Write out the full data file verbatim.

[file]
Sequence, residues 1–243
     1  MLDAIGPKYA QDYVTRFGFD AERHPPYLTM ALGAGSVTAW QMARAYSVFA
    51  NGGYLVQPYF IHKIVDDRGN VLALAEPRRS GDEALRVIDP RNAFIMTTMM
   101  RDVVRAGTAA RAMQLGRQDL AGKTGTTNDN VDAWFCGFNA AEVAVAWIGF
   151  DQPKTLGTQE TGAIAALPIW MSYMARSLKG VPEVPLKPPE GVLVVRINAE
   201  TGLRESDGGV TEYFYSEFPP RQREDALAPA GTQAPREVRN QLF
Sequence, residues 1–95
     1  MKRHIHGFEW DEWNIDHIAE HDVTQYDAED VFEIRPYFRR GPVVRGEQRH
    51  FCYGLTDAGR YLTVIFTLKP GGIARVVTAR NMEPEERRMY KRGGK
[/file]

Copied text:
Sequence, residues 1–243
     1  MLDAIGPKYA QDYVTRFGFD AERHPPYLTM ALGAGSVTAW QMARAYSVFA
    51  NGGYLVQPYF IHKIVDDRGN VLALAEPRRS GDEALRVIDP RNAFIMTTMM
   101  RDVVRAGTAA RAMQLGRQDL AGKTGTTNDN VDAWFCGFNA AEVAVAWIGF
   151  DQPKTLGTQE TGAIAALPIW MSYMARSLKG VPEVPLKPPE GVLVVRINAE
   201  TGLRESDGGV TEYFYSEFPP RQREDALAPA GTQAPREVRN QLF
Sequence, residues 1–95
     1  MKRHIHGFEW DEWNIDHIAE HDVTQYDAED VFEIRPYFRR GPVVRGEQRH
    51  FCYGLTDAGR YLTVIFTLKP GGIARVVTAR NMEPEERRMY KRGGK